Oil spill glows under UV light


Maybe there's something for hippies to love about ecological disaster, after all. Chris Combs, photography editor at National Geographic News, took these amazing shots while on assignment in the Gulf of Mexico. Via Submitterator, he says:

...researcher Ping Wang pointed me towards his grad student's work with UV light. Turns out that the oil glows bright, head-shop fluorescent orange under UV light. Rip Kirby's ultra-powerful $1800 "Klingon Death Ray" ultraviolet spotlight lit up every particle of oil-stained sand, even in seemingly clean areas, and our footprints showed up Day-Glo orange.

This isn't just for "woah, dude" value. Applying UV light to contaminated beaches is also a clever way to spot—and clean up—oil that might otherwise go unnoticed by notoriously flimsy human eyes. You can read more—and see more pictures—in Combs' photo essay.


  1. This phenomenon is well known, and was used back in the day to evaluate whether a well had struck oil. The cuttings of rock removed from the well are examined under UV light for fluorescence. If it glows, the well hit an oil reservoir.

  2. Yeah, I think the new part is using UV lights in the field rather than in the lab…

    (Thanks MKB!)

  3. Actually, UV light will show all sorts of natural fluorocarbons in sand purple. For example, some of the most pristine beaches in Hawaii, Northern California and the South Pacific show up overwhelming purple, so I’m not sure why this is surprising.

      1. If they’re confused orange and purple, they’ve spent waaaay too much time in the ‘head shop’.

        Sure looks purple to me

  4. Heck, the whole sea glows just by sailing through it! I discovered this in my first offshore sailboat race, peering off the sterm (back) of the boat – we had a 10′ glowing trail behind our boat! When the only visible lights around are the moon and your running lights, the glow effect is particularly bright. Some people talk about jumping out of the water and leaving behind glowing footprints in the dry sand. I’d imagine these critters glow under UV as well.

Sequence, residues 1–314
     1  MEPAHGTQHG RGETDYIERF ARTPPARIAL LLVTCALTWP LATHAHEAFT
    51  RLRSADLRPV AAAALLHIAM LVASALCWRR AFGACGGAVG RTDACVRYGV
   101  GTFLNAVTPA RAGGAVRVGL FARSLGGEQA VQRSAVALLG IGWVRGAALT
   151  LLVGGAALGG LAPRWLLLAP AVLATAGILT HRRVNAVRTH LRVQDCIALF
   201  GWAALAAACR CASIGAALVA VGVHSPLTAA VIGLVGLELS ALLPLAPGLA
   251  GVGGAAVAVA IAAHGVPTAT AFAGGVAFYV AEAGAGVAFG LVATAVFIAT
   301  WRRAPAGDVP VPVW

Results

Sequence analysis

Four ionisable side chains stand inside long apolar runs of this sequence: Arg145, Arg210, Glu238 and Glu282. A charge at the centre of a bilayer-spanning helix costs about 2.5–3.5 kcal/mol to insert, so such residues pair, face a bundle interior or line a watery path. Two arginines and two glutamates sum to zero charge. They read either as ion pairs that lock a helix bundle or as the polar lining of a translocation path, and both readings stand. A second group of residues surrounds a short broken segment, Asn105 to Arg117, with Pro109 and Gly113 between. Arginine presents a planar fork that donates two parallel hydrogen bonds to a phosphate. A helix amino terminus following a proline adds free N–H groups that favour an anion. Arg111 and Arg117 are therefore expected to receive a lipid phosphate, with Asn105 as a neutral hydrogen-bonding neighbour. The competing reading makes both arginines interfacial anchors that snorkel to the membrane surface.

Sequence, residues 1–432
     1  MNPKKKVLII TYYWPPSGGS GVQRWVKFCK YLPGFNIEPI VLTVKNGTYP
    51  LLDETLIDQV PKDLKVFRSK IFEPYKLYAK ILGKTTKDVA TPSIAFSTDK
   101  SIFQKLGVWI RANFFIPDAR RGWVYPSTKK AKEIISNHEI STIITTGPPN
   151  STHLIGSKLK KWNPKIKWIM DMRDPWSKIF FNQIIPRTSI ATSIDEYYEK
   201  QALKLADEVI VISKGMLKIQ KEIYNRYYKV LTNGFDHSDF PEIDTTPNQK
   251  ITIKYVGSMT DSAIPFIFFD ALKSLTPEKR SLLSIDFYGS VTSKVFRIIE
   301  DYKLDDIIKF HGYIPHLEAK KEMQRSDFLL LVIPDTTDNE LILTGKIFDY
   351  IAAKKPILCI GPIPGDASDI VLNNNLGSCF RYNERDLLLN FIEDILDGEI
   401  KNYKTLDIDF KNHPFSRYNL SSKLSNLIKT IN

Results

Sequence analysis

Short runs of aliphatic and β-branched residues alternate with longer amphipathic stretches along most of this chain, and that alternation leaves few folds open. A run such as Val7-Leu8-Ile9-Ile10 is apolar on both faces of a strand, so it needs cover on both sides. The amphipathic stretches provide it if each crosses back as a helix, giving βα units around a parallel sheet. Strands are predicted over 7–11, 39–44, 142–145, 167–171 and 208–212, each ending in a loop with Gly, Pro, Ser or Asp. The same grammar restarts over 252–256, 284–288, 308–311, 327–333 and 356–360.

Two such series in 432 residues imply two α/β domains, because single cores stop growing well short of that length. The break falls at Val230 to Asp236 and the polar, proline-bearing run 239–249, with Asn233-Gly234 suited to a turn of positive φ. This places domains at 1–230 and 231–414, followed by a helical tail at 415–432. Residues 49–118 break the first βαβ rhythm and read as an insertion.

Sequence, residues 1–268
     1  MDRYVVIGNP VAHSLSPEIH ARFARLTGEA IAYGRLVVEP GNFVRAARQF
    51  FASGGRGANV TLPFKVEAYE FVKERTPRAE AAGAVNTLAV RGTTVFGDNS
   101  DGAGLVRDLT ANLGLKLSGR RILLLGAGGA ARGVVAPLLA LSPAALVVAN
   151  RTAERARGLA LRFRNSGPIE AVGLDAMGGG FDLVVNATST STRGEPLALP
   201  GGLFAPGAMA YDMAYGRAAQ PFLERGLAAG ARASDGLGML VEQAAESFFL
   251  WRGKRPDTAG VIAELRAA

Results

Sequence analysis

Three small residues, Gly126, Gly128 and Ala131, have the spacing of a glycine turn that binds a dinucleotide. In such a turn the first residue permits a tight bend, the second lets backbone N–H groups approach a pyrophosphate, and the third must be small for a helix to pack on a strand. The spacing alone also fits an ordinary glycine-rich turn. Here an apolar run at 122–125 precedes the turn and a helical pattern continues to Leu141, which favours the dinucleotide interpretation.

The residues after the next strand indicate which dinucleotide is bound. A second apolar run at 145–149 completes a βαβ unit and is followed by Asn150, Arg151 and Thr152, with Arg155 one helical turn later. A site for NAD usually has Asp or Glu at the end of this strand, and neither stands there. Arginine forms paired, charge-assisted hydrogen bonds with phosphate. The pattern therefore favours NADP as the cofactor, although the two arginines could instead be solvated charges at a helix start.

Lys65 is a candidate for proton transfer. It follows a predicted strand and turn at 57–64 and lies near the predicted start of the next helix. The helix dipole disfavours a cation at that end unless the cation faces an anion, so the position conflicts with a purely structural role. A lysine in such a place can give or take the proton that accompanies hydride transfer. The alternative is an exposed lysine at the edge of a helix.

More info:


  5. Is this natural for crude oil to fluoresce or is it a result of injected slick-buster detergents?

  6. I’ve been occasionally trying, without luck, to do some UV photography, but turns out that every single UV LED light that I’ve purchased ($20 or under) fails miserably at being “true” UV. I’ve had moderate success with fluorescent UV tubes, but would prefer LEDs.
    Anybody have suggestions for an affordable legitimate UV LED lamp (and please include wavelength, if you have it)? Oh, and $1800 is out of my budget range… ;)

    1. Try http://www.s-et.com/products.htm
      The bad news is it looks like prices range from about $50 to $300 in 1 to 10 quantities as the wavelength ranges from 355 down to 240 nm, but those are genuine UV wavelengths there.

      My understanding is that it’s very difficult to get materials that can stand up to intense UV, in both the source semiconductors and the packaging.

      And a lot of plastics used in inexpensive “UV” LEDs fluoresce, which can ruin the desired use for some applications.

      When the price comes down I want to try arraying some around the fruit and vegetable bins in my refrigerator with a circuit to turn them on for a few minutes each time the door is closed to see if it can retard spoilage. I suppose I could get a cheap germicidal lamp to see if it works.

  7. Does anyone have the link to the student work that’s (vaguely) cited here? I’m wondering if this is the same Ping Wang I studied under.

  8. The Vertek Division of Applied Research Associates has made some high output super efficient UV spotlights for detecting hydrocarbons (crude oil) on the beaches. They make tarballs and crude show up fluorescent yellowish/orange. Check them out at uvoil.com

    These lights are true UV and are built not to self destruct and also to survive the salt on the coast.

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